WARRIOR’S AWARENESS
and the Pilobolus Dance Theater


Shihan Moti Nativ and the Feldenkrais System
Written by Molly Gawler - Dancer in Pilobolus show Shadowland

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My name is Molly Gawler, and I am a touring dancer with a show called “Shadowland” created by Pilobolus Dance Theater. In December 2011, we traveled to Israel to perform in several cities. Along with our touring, Shihan Moti Nativ, Israeli teacher of Warrior Awareness and the Feldenkrais System, graciously offered to teach us. With the help of our dance captain, Damon Honeycutt, and our director, Matt Kent, 2 classes were organized. We, as a company of 10 professional dancers, took these classes together.


In Moti’s lessons we discovered connections between the inner world of our bodies and the outer world of our associations to each other as dancers and people. We observed how the micro movements related to the macro movements and how, if you are patient with small changes, over time they will make big changes. We paid attention to each other and felt our innate connectivity move us together with intuitive symphonic resonance. With gentleness and compassion, Moti planted seeds of profound change within us.

Moti arrived, and he entered the room with a graceful ease. He began teaching with these words of wisdom: “When we look at what we do, that is consciousness. When we look at how we do something that is intelligence. When we combine consciousness with intelligence that is awareness.”

Then we began. From a relaxed position on our backs, we started by raising one arm to the sky. It was a very simple movement but I found it exceedingly difficult.  “Just lift your hand up,” Moti would say, but at first my body resisted and my movements were small and stiff.  Then, with alternating repetitions and relaxation, my body began to let go.  As I began to concentrate on what was essential in this movement, no more and no less, it became effortless and enjoyable.  I noticed how the intention started in the ends of my body (my fingers and hand) and then, as it naturally began to grow with more amplitude, I found it useful to tune in to what my center was doing (hips, shoulders, and navel areas). There was a direct and natural connection between the distal and the medial parts of the body.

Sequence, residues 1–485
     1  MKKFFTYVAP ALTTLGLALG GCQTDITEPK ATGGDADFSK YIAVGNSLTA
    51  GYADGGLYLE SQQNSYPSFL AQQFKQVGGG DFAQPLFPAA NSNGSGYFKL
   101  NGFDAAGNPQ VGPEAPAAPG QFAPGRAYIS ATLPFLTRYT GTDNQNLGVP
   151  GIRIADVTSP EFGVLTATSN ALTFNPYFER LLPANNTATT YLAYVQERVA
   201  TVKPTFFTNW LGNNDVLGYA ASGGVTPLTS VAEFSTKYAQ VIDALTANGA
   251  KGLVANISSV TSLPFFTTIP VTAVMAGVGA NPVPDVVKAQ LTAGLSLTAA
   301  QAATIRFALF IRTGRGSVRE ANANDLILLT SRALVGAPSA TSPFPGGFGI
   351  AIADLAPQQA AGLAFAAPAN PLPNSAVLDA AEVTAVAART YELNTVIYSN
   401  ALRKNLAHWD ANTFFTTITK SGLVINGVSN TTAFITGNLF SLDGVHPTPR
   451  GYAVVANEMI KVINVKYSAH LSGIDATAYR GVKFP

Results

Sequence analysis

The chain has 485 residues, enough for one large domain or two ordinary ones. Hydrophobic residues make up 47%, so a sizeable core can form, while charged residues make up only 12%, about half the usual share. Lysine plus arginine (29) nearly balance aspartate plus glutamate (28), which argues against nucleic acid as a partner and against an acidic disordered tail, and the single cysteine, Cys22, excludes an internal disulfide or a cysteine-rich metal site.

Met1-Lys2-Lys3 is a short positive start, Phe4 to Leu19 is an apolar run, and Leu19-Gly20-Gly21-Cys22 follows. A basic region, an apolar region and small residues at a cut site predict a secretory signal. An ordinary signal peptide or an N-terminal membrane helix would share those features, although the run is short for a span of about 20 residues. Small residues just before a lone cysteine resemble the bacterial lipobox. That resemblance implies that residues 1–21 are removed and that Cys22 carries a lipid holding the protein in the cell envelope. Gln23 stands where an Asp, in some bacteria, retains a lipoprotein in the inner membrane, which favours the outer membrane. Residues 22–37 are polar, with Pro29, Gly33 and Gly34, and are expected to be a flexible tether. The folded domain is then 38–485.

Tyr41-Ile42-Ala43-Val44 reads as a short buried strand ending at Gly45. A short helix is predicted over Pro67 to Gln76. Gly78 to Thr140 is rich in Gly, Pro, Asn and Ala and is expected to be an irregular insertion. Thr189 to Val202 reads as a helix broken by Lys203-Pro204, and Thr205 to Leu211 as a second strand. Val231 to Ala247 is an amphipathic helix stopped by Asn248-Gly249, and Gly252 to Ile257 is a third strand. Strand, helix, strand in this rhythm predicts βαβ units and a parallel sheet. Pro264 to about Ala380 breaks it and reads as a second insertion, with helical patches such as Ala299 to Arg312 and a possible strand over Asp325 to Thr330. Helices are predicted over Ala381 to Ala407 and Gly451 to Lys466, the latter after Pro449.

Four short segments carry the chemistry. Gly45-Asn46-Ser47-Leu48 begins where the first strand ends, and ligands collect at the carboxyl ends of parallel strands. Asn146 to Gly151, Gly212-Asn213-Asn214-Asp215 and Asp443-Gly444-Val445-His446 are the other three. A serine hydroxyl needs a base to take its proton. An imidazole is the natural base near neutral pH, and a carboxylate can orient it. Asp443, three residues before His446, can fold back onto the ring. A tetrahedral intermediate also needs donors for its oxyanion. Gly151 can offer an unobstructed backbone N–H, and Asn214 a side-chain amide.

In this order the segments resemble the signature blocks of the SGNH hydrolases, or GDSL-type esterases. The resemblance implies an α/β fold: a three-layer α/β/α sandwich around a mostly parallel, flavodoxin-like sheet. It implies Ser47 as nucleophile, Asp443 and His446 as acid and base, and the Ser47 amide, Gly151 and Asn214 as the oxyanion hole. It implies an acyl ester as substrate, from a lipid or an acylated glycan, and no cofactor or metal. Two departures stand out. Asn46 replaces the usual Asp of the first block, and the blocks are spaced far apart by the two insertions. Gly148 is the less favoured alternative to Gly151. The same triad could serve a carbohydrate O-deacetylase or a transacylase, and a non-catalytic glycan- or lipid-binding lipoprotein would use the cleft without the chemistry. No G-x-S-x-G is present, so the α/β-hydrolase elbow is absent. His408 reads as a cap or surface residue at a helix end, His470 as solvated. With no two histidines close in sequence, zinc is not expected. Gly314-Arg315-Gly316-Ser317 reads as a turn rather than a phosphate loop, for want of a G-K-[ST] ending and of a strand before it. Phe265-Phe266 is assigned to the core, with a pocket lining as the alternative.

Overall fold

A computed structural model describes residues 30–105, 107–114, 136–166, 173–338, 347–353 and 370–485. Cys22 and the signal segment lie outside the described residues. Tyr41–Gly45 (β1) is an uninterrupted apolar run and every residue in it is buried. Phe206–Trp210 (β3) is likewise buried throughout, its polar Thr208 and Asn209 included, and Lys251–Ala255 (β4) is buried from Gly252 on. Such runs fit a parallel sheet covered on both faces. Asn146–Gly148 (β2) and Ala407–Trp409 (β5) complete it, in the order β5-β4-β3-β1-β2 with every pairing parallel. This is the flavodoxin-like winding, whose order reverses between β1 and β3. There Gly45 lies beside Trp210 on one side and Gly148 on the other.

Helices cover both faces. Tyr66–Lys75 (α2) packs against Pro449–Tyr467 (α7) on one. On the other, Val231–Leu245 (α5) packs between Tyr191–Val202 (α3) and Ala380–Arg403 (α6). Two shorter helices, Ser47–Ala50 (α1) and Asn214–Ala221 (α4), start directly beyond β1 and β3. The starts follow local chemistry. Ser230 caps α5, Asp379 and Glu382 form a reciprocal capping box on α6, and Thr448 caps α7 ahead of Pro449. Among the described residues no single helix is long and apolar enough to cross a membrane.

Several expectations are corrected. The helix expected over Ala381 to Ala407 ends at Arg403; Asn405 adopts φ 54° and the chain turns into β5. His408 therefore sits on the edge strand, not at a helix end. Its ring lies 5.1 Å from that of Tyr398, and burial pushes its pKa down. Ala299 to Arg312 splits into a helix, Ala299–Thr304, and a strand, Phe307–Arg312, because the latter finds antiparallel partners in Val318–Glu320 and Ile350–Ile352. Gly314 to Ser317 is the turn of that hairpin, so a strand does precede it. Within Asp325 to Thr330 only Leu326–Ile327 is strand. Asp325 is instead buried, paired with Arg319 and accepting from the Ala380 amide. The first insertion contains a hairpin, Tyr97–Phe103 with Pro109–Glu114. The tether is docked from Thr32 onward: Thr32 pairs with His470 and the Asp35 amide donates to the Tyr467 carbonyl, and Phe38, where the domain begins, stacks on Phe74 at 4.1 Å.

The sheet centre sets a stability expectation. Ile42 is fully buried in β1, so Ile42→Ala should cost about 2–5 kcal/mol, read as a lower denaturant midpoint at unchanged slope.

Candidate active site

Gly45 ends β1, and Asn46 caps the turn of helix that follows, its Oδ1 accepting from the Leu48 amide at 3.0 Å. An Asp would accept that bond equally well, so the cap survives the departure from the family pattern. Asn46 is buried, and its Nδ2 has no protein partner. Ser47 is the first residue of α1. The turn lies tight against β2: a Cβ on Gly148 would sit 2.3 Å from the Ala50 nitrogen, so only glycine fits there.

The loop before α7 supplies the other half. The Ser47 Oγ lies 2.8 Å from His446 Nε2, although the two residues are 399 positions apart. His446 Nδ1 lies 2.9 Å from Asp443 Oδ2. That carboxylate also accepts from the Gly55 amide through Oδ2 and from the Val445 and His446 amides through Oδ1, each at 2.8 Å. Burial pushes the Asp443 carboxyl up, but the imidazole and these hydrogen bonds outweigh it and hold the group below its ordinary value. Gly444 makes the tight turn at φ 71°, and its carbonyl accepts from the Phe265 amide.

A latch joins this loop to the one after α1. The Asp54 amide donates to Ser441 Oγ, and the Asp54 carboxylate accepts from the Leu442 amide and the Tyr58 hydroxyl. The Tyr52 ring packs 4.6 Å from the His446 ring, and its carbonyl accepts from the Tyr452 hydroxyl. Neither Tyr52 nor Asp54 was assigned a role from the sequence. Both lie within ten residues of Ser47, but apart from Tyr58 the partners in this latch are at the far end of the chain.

Moti then led us through the next steps of the exercise which consisted of very fundamental motions, like moving our knees side to side and then our arms in an arc up over the head. We found that with a few repetitions, we could actually curl into our centers, and then, with little effort, sit up and flow back down to the ground.  Soon, it became faster and bigger and we were going from sitting on our right side, to lying down, to sitting on our left side in a fluid swinging motion. The next step was to pay attention to the people around us and to do the movement as a whole group. That required us to open all of our senses in a kinesthetic awareness that extended past our own body to the other people in the space. We started slowly, getting faster and bigger upon Moti’s prompting, and then it was as if we were of one mind, like a school of fish flowing together with simple joy and ceaseless awareness. It was beautiful.